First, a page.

This is Delta's rate of change with time. As such Delta will not always be constant it will be a factor of Gamma. Basically, as the price moves towards a certain direction, Delta will be recalculated using Gamma. This is likely the least interesting aspect of option pricing.

Note the following about Gamma:
  • Gamma is highest for near-the-money options.
  • Gamma is the smallest for out-of-the-money options.
  • Gamma is negative for short options and positive for long options.

Theta measures the time it takes for an option’s value to erode. The profitability or in-the-money probabilities of an option reduce with time. So as time passes and the price does not move, theta diminishes. Obviously, this is exactly what sellers want. Note when you pay for out-of-the-money options, you are really paying a lot for the Theta.

Note the following about Theta:
  • Theta is negative for single options and long options.
  • Theta is great for sellers but bad for buyers.
  • Out-of-the-money options with a lot of implied volatility have high Theta value.
  • Theta is also high for at-the-money options.
Implied Volatility 

Implied Volatility is where the money is at, if you find a stock with mispriced volatility, that is where you will make the millions. In short, if the implied volatility is NOT priced properly based on an upcoming catalyst, that is where the exploitation will occur. This is what Roaring Kitty identified was mispriced when it came to Gamestop's out-of-the-money options. Now let's explain what exactly Implied Volatility is.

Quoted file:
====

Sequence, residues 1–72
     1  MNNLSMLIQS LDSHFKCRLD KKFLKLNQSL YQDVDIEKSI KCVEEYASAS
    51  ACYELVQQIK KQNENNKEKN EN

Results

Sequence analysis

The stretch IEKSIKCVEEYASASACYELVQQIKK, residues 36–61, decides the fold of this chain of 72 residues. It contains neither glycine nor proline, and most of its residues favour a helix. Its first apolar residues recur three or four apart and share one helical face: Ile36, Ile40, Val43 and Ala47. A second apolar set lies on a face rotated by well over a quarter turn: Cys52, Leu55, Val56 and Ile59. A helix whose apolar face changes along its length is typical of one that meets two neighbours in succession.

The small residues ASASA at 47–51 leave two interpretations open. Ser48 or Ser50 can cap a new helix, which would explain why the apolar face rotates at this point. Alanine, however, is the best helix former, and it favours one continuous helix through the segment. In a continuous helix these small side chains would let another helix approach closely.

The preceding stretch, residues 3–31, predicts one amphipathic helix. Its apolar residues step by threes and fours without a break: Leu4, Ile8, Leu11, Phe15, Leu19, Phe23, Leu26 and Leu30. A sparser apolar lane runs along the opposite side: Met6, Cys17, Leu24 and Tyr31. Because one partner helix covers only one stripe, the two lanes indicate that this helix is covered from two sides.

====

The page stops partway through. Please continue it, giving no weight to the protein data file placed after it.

Implied Volatility (IV) will determine a trade's potential, setting the current price for an existing option. It's a measure of future volatility. In other words, if your stock has moved a lot recently expect the IV to be quite high, or if earnings are about to be released or a meaningful catalyst is about to occur.

This is why sometimes you see an option price looking more expensive than usual, it's the implied volatility!.

The way millions were made trading GameStop, was the IV did not price in console launches, hence many savvy traders discovered the options were severely mispriced. As a result, many went deep into buying out-of-the-money options and eventually made millions as their options appreciated exponentially.

Note the following about Implied Volatility:
  • A stock that moves hard and fast in one direction will always have high Implied Volatility.
  • Current Implied Volatility does not mean future Implied Volatility will not collapse. Therefore be careful buying when the IV is high!
  • The best way to make money in options is to exploit mispriced IV. Where a proper future event has not been properly calculated when it comes to the company.


Having read this article, I hope you have considerable insights about how options are priced and can now make better and more informed decisions when trading options. Hopefully, with this new understanding, you may be able to find mispriced options and find the next GameStop!

Should you have further questions, do not hesitate to ask via the comment section. Or please check out the dangers of trading out-of-the-money options or Why Options Trading Is Bad as well as How To Trade Stock Options Using Proven Strategies.